On February 28, students of Yuying High School were gathering on the playground at 9:30 am for their daily morning exercise when a girl appeared on the 4th floor of a north building. “She was standing at the window of a Grade 11 classroom, naked, holding her clothes,” a student recalled. “We were all petrified and didn’t know what to do. Within three seconds, she dropped the clothes next to her and jumped off the windowsill.”
Screams ripped across the playground. Twenty minutes later, an ambulance arrived to take the girl, Shen He – still alive – to the hospital. Authorities later confirmed that she died there. Around noon, police showed up for an “investigation.”
What’s with the quote marks, you wonder?
Because the school’s first priority was damage control. Forget counselling; the kids needed to have their story straight. And the school needed to make sure one thing was absolutely clear from the outset: it was an accident.
The local Jinghua Times reported “several students admitted that the school repeatedly told them not to disclose information to the outside world, especially the media; no online photos, and any online messages were to be deleted. If not deleted, they would be traced. The school said those who repeatedly make microblog posts would be expelled.”
Meanwhile, journalists and onlookers gathered around the entrance, not allowed in, while people attempting to take pictures were stopped by campus security. Institutional cover-ups are unfortunately universal – see last year’s disturbing Penn State saga – and they all have something in common: the inability of authority figures to acknowledge an ugly reality. But this case happened in China, and so it sheds light on an ugly side of this society: that school suicides are not uncommon, relatively speaking, but they are routinely dealt like this, as Sinostand’s Eric Fish has observed firsthand.
Though this incident occurred a week ago, students are still defiantly blogging against the express orders of heartless school administrators. These kids aren’t stupid: they want to know why they should tell others this was an accident when everyone saw the girl, naked, jump. The inept faculty can’t even be bothered to get their shoddy story straight.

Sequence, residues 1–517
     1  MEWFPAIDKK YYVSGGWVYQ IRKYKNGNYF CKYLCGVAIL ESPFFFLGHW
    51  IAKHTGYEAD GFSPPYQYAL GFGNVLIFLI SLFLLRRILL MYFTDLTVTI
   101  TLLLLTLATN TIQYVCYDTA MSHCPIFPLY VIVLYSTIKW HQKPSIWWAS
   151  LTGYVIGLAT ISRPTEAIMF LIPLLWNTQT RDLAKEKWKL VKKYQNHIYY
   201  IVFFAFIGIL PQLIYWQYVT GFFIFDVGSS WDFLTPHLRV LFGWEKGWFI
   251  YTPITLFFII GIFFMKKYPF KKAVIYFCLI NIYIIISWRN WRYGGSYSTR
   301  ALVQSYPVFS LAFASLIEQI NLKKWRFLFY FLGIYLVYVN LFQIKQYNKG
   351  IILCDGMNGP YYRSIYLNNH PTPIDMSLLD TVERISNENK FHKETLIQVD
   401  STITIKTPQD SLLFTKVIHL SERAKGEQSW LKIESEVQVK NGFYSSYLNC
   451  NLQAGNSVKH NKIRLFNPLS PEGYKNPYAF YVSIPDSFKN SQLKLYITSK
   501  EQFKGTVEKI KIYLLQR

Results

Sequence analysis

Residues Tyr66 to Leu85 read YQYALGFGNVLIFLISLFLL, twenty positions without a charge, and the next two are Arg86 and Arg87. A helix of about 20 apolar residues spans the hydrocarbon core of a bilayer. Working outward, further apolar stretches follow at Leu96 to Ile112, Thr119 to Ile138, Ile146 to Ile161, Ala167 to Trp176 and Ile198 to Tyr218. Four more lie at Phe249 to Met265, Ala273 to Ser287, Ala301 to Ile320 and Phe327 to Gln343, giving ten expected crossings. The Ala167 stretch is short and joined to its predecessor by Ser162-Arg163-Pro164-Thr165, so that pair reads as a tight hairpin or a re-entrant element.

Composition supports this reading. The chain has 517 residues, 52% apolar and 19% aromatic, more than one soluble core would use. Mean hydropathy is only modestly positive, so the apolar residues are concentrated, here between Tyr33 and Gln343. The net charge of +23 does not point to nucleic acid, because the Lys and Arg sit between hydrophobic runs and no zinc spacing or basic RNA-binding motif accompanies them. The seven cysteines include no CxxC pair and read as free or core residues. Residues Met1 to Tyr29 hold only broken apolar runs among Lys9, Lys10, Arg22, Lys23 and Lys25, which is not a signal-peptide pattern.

Bungling, lazy cover-ups like these happen all the time in China, which is why last year’s Wenzhou high-speed train crash was such a flashpoint. People are fed up with the open contempt shown for them and their lives, hence among these online tributes, students are trying to figure out why Shen jumped, revealing she was close friends with another female student in Shanghai, Yu Jing Hai, with whom she shared interests and personality traits, and had gone to visit.
Following Shen’s death, Yu poignantly wrote on her blog: “I really miss you. I’m so tired, I feel like being surrounded by a dream, maybe you’re still alive when I wake up. I feel I’m in water, I can’t breathe. I feel so heavy and I need to float. I have so much to say to you. There are so many cold-hearted watchers, I can’t deal with them. I’m so tired. Everything’s so unreal. I so wish everything’s just a dream when I wake up. I want to find you now, I’ll make spaghetti for you and buy chicken feet for you. Are you still praying every Sunday evening? Maybe you’re by God’s side now already. I miss you, we all miss you. Maybe you just fell asleep. Maybe we’re all just a dream of ours.”
Perhaps I’m out on a limb here, but the possible romantic undercurrent to their relationship might be the most interesting aspect of this story. A number of similar stories of “forbidden love” passed my desk when I worked in state media – often involving suicide pacts, and even the odd murder – featuring high-strung female (and the odd male) students letting a teenage knock-back get out of hand. It was rarely made explicit, but it was clear that many of these were gay relationships. Reasons for breakups varied, but the religious angle – “Are you still praying every Sunday evening?” – may have some bearing here as well. Quite a few Chinese Christians have wholeheartedly embraced Catholic-style homophobia, like these celebrity fools.
But of course, thanks to Beijing Yuying Secondary School (hard at work, as we speak, hammering out a deal to buy the silence of the girl’s family and defuse any fallout), we’ll never know what really drove Shen He to such a terrible “accident” yesterday morning.
H/T Jingqing Luo for the story. RFH can be reached at RFH@beijingcream.com.